Robotic-assisted total hip replacement has become a common method of implantation, especially in Europe. It frequently has been postulated that robotic reaming would result in an improved clinical outcome due to the better fit of the prosthesis, but that has never been demonstrated in a prospective study, to our knowledge. The purpose of this study was to compare robotic-assisted implantation of a total hip replacement with conventional manual implantation.Methods:
One hundred and fifty-four patients scheduled for total hip replacement were randomly assigned to undergo either conventional manual implantation of an S-ROM prosthesis (eighty patients) or robotic-assisted implantation of such a prosthesis (seventy-four patients). The five-axis ROBODOC was used for the robotic-assisted procedures. Preoperatively as well as at three, six, twelve, and twenty-four months after surgery, the scores according to the Harris and Merle d'Aubigné systems and the Mayo clinical score were determined. Radiographs made at these intervals were analyzed for evidence of loosening, prosthetic alignment, and heterotopic ossification.Results:
Thirteen (18%) of the seventy-four attempted robotic implantations had to be converted to manual implantations as a result of failure of the system. The duration of the robotic procedures was longer than that of the manual procedures (mean and standard deviation,107.1 ± 29.1 compared with 82.4 ± 23.4 minutes, p < 0.001). Limb-length equality (mean discrepancy, 0.18 ± 0.30 compared with 0.96 ± 0.93 cm, p < 0.001) and varus-valgus orientation of the stem (mean angle between the femur and the shaft of the prosthesis, 0.34° ± 0.67° compared with 0.84° ± 1.23°, p < 0.001) were better after the robotic procedures. At six months, slightly more heterotopic ossification was seen in the group treated with robotic implantation. The group treated with robotic implantation had a better Mayo clinical score at six and twelve months and a better Harris score at twelve months; however, by twenty-four months, no difference was found between the groups with regard to any of the three scores. Dislocation was more frequent in the group treated with robotic implantation: it occurred in eleven of the sixty-one patients in that group compared with three of eighty in the other group (p < 0.001). Recurrent dislocation and pronounced limping were indications for revision surgery in eight of the sixty-one patients treated with robotic implantation compared with none of the seventy-eight (excluding two with revision for infection) treated with manual insertion (p < 0.001). Rupture of the gluteus medius tendon was observed during all of the revision operations.Conclusions:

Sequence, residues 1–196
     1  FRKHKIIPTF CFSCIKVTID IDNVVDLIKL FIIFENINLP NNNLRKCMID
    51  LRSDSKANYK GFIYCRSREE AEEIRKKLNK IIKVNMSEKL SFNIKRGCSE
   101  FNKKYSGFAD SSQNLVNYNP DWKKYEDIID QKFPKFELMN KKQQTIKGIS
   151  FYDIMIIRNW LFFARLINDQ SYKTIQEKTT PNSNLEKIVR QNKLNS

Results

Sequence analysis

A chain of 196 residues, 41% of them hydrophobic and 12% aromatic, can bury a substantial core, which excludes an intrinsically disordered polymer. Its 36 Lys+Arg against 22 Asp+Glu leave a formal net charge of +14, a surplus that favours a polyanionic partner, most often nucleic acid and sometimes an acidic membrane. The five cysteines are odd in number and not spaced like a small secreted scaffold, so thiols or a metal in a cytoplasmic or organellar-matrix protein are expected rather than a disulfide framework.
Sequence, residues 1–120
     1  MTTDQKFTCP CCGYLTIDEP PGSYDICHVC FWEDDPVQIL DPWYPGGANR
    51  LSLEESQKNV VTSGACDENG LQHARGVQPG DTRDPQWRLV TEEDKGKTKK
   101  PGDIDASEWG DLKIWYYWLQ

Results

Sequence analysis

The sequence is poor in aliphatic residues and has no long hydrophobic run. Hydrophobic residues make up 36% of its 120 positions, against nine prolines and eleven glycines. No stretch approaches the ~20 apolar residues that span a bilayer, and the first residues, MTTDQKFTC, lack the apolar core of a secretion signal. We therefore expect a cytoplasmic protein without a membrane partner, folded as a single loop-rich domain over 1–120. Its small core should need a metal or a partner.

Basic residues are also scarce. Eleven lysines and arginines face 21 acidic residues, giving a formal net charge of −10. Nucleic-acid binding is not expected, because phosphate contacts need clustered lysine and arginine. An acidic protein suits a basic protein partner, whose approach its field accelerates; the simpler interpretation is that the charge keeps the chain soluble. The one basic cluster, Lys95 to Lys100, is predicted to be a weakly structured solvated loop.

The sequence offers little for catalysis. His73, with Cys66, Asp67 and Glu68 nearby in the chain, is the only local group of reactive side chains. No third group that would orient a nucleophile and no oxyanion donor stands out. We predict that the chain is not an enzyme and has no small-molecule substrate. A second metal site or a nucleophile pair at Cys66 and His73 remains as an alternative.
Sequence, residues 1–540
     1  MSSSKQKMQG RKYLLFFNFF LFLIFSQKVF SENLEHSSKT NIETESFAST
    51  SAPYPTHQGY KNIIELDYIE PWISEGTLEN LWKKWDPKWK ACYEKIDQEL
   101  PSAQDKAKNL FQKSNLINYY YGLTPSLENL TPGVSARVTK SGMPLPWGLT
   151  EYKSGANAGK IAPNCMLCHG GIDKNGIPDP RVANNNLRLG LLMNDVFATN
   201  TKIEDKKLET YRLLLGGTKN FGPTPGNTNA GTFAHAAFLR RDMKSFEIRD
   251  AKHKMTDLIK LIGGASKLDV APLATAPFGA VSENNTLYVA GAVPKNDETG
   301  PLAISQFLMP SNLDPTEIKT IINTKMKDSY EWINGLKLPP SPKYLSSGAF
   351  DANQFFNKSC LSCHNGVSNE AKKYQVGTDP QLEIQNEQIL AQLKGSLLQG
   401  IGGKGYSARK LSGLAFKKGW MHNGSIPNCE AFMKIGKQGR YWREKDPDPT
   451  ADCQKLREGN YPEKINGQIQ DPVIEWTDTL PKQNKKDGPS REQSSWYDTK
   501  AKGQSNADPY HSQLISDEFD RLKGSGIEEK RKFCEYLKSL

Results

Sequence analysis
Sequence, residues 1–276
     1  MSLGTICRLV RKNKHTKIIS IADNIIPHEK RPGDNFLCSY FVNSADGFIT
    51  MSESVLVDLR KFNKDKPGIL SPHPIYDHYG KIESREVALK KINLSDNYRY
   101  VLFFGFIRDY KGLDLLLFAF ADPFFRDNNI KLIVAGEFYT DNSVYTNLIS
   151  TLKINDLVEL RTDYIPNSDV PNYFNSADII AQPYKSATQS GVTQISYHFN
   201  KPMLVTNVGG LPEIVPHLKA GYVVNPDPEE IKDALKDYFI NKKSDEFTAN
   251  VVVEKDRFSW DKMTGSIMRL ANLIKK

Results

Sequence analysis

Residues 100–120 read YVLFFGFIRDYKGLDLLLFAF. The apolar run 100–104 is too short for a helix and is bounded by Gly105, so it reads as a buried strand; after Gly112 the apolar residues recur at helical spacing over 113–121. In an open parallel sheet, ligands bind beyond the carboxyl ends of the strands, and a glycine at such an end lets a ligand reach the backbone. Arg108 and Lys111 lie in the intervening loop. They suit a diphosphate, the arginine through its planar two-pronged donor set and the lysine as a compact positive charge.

The robotic-assisted technology had advantages in terms of preoperative planning and the accuracy of the intraoperative procedure. Disadvantages were the high revision rate; the amount of muscle damage, which we believe was responsible for the higher dislocation rate; and the longer duration of surgery. This technology must be further developed before its widespread usage can be justified.Level of Evidence:
Therapeutic study, Level I-1a (randomized controlled trial [significant difference]). See Instructions to Authors for a complete description of levels of evidence.